February 16, 2005


A Place Apart in Iraq: Kurdistan offers jobs in a nation hungry for them. For migrants from the Arab south, the prosperous region is like a different country. (Jeffrey Fleishman, February 16, 2005, LA Times)

Like thousands of Arabs from troubled southern and central Iraq, [Sahib Ali ] Abbas, who left Baqubah several months ago, has found a more prosperous life in the democratic, free-market Kurdish region. Protected from Saddam Hussein's armies for 12 years by a "no-fly" zone patrolled by U.S. and British planes, the ethnic Kurds in effect raised a nation within a nation. Their clattering cities represent what many want for the rest of Iraq.

"There's a big difference between the south and here," Abbas said, stepping over metal rods and a pile of rocks on an apartment building construction site. "The Kurds are rich and educated. We're tired of poverty in the south. I look around at all this construction and see many, many Arabs just like me."

Authorities say 2,000 to 6,000 Sunni and Shiite Muslim Arabs have migrated to the Sulaymaniya region since the U.S.-led invasion of Iraq two years ago. They are laborers, doctors, waiters, professors. There is even a civil aviation engineer hired from Baghdad because the Kurds lacked the experts to build an airport. Reliable statistics are scarce, but estimates suggest that the number of Arab migrants is steadily rising and may total more than 20,000 across northern Iraq, which is home to 3.5 million to 4 million Kurds.

Recent Kurdish history is a lesson in reversal of fortune. Regimes based in Baghdad brutalized the north for generations. Sunni Arabs, who were dominant under Hussein, were taught that Kurds, who are not Arabs, were beneath them; the Kurds' political voice was muted, and hundreds of thousands of them were killed.

Then the no-fly zone, established after the 1991 Persian Gulf War, transformed the region. Kurdish mountain guerrillas traded their baggy pants and bandoliers for the suits of politicians and businessmen, negotiating multimillion-dollar deals in oil, technology and retailing with Iran, Turkey and Dubai.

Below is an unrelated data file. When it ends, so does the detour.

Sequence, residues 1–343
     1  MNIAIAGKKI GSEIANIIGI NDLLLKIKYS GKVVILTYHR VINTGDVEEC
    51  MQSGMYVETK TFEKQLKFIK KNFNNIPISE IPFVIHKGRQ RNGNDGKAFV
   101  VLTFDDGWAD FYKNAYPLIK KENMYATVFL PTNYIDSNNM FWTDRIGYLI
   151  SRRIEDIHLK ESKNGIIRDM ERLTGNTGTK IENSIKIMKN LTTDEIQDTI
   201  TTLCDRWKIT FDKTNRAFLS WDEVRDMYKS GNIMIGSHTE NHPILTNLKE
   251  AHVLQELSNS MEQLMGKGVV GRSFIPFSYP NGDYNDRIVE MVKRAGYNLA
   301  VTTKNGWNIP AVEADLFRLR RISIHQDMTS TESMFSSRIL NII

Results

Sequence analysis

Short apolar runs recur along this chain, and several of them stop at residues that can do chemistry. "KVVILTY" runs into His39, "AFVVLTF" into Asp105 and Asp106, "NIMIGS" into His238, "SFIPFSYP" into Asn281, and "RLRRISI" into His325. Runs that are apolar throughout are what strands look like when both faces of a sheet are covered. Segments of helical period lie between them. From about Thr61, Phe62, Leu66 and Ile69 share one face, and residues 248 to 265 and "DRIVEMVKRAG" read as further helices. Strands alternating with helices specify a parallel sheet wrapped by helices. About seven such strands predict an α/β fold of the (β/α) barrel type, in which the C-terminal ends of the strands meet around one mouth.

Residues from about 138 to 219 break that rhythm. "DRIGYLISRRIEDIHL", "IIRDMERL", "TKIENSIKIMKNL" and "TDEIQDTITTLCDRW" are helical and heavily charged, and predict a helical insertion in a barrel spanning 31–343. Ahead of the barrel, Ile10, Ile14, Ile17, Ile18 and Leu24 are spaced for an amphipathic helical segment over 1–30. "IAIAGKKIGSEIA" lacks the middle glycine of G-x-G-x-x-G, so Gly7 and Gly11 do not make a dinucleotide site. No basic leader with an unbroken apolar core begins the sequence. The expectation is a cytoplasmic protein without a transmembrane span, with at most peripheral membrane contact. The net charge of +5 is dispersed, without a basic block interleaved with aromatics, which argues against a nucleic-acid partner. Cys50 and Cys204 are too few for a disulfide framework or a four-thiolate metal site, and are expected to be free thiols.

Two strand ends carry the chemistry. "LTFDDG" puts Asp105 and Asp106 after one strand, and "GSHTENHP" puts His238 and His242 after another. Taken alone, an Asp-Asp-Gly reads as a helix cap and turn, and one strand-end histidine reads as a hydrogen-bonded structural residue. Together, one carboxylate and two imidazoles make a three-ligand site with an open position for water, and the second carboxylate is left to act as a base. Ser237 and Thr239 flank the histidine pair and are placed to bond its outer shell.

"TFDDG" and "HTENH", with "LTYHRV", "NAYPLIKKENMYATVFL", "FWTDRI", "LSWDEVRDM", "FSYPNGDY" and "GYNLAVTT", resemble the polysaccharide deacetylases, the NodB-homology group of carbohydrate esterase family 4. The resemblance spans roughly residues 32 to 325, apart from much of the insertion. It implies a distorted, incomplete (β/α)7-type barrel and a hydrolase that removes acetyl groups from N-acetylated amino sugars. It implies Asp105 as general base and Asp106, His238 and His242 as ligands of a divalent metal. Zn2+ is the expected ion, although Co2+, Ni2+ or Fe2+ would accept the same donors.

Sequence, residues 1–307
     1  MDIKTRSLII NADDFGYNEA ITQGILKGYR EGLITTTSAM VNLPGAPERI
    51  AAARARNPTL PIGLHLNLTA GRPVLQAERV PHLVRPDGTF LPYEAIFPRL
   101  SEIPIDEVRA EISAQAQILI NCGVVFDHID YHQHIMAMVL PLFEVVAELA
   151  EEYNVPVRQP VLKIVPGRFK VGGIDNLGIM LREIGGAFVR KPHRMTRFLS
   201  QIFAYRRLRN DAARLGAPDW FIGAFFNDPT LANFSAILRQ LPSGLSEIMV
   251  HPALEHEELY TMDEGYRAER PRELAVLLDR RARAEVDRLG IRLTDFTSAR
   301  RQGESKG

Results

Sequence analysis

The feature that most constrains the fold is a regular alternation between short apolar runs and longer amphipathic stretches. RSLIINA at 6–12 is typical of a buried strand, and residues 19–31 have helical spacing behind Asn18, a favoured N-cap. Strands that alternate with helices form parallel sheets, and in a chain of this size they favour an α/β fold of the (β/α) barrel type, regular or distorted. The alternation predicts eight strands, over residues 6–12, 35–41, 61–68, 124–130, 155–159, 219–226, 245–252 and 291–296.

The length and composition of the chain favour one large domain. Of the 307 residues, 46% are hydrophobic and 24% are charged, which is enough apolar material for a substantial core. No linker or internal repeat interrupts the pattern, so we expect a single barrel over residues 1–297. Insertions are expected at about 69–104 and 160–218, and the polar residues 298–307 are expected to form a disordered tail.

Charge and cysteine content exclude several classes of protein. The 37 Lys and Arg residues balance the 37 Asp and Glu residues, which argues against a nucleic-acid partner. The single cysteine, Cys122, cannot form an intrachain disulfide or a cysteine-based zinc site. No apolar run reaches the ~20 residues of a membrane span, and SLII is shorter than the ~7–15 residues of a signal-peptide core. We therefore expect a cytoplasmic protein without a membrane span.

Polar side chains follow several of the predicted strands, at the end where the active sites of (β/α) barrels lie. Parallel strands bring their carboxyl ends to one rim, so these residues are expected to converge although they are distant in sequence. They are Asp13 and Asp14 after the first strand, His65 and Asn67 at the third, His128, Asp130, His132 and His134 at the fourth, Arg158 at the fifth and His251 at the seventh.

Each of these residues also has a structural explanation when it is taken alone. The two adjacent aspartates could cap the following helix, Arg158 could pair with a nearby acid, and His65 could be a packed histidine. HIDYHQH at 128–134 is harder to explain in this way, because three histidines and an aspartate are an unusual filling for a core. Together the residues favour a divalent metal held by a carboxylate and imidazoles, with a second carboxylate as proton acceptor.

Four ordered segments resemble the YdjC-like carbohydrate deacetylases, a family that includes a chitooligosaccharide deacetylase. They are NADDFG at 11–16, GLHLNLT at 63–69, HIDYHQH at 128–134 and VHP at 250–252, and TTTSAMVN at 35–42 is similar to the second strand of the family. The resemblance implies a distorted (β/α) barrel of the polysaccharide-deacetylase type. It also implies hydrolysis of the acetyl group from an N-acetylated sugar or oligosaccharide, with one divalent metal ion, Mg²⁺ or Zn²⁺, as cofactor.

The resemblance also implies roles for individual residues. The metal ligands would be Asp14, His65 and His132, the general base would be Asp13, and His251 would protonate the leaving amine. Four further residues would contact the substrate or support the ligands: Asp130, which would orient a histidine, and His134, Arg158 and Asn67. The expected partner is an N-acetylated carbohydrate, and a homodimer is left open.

Over time, the Kurds fashioned a sprawling mountain bazaar. They couldn't get McDonald's, so they created MaDonal. They had cellphones before Baghdad. Internet cafes became hangouts for the young, and satellite TV dishes sprang up in the poorest villages. Not all is laissez faire — the main Kurdish political parties control much development. Patronage and corruption fuel many endeavors, diplomats and Kurdish officials say, and poverty in rural areas is high.

Kurds make up about 18% of the country's population. But thanks to high turnout, a unified Kurdish party appears to have won a quarter of the vote in last month's national election, which would give the north a large role in the new government.

"The Kurds are prosperous," said Naif Sabhan Khalaf, a Sunni Arab councilman in the oil city of Kirkuk. "They have smart political leaders who have taken advantage of things. Other provinces should follow this example. Western businesses tell me they are going to the north because there's security there, unlike places such as Tikrit, which are still ablaze."

So will successful states in the Middle East build pressure on the dysfunctional ones and create the desired domino effect.

Posted by Orrin Judd at February 16, 2005 6:29 AM

The Kurds were subject to the same sanctions as the rest of Iraq, and to "Oil-for-food", but administered the region relatively cleanly and didn't spend the money buying palaces, weapons and westerners. There is a certain amount of clarity to be found in those facts.

Posted by: David Cohen at February 16, 2005 9:18 AM

This sort of thing puts the lie to the complaint that the Kurds are an unthinking voter bloc that just voted for the Kurdish slate because they are Kurds. It sounds to me like the Kurds are the ones everyone should want running the country.

Posted by: Timothy at February 16, 2005 12:46 PM